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Volume 21 No. 2
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NBC floats new ideas to see what resonates

NBC Universal is looking to bolster its coverage plans for the America’s Cup by putting a reporter on a boat to offer in-race updates and postrace interviews.

NBC hopes to enhance coverage by placing a reporter on one of the boats for in-race updates.
It’s part of NBC’s effort to try new strategies with a new property to see what works and resonates with viewers.
When organizers of the America’s Cup last March bought time on NBC and NBC Sports Network for a series of races leading up to the America’s Cup, NBC planned to take the world feed, air it on both networks and supplement it with an on-air host and commentator. For coverage of the America’s Cup Series next month in San Francisco, the network is considering ways to enhance that coverage, including placing a reporter onboard one of the boats.

“It’s been a learning experience for us,” said Gary Quinn, senior director of programming for NBC Sports. “Each race we’ve added more [on site] because we’re more integrated [with America’s Cup organizers] now.”

Quinn added that NBC has looked to do more with its America’s Cup races because it’s been pleased with the ratings the races have delivered to date. The America’s Cup Series race broadcast on NBC in July delivered a 0.9 Nielsen rating, and the race broadcast in August delivered a 0.6 Nielsen rating.

“Those are good numbers for a sport that doesn’t get a lot of coverage here [in the U.S.],” said Jon Miller, NBC Sports president of programming.

America’s Cup organizers have undertaken a number of measures to make the sport more TV-friendly in 2013. They developed new boats that can race in most weather conditions, which will allow NBC and more than 30 other broadcasters worldwide to show the sport live. They also invested in a new graphics package called LiveLine for the worldwide feed, allowing viewers to identify race leaders and course boundaries more easily because of superimposed lines on the race broadcast.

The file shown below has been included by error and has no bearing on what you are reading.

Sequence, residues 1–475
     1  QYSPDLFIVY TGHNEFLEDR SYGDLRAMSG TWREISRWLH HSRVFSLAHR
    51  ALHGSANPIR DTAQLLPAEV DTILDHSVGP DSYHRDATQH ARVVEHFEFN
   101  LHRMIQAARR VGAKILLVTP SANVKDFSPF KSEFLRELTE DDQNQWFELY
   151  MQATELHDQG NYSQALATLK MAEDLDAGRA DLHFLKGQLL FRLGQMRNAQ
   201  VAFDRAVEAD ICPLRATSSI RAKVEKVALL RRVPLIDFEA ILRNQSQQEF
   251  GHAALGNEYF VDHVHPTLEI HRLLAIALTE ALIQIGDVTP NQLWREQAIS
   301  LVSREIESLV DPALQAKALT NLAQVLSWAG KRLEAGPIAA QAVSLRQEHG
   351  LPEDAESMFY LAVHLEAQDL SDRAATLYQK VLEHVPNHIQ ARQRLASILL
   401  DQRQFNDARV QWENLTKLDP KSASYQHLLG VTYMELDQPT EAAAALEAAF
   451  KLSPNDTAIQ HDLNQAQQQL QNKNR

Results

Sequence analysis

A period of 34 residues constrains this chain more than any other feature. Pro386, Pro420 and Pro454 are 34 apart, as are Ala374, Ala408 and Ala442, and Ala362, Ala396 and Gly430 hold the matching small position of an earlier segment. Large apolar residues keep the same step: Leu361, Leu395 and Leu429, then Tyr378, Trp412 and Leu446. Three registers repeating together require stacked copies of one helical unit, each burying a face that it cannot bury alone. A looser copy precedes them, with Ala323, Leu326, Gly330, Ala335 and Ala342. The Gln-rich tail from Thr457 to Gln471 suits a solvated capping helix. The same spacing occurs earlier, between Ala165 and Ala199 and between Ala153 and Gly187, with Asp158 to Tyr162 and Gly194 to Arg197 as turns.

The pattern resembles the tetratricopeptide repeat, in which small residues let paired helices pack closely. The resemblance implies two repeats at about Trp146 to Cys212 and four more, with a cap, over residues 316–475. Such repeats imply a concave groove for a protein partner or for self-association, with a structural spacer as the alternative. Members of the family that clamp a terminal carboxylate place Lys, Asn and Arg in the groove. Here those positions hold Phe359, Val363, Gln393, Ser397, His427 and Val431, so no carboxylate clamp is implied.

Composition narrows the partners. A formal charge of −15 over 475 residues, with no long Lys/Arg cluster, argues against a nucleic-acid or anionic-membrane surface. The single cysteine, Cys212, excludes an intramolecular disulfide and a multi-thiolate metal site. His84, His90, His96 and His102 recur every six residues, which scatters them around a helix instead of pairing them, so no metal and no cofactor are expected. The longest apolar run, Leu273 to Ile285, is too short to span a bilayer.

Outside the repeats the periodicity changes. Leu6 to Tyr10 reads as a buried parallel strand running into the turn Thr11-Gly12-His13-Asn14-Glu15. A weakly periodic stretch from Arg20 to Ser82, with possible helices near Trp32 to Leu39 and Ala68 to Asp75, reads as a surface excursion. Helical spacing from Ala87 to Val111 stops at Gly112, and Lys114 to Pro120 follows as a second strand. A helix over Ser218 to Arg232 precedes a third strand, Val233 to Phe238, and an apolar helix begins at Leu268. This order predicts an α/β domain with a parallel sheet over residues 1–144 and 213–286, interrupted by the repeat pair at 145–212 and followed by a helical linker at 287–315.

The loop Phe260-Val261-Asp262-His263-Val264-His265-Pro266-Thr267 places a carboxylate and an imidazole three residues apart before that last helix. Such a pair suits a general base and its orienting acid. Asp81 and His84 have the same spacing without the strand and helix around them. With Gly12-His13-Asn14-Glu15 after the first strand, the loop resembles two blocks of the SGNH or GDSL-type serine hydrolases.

Those changes helped the property buy time on NBC, which will be the first network to broadcast the America’s Cup live.

“We’ve been very happy with it,” Miller said. “The quality of production has improved. This sport in high definition is really spectacular.”

America’s Cup organizers have retained all the advertising inventory during the race broadcasts, and they’ve been bundling that inventory into their sponsorship packages. They hope to prove through their broadcast next year that the property is worth a rights fee in the future.

America’s Cup Event Authority CEO Stephen Barclay said the organization has held discussions with broadcasters in the U.S. and elsewhere about a long-term TV deal. He expects formal discussions to begin later this year. NBC is among the networks he will meet with about the future.

Miller said that NBC believes America’s Cup is a “good property” and is interested in what organizers “have to say,” but the network hasn’t committed to anything beyond 2013.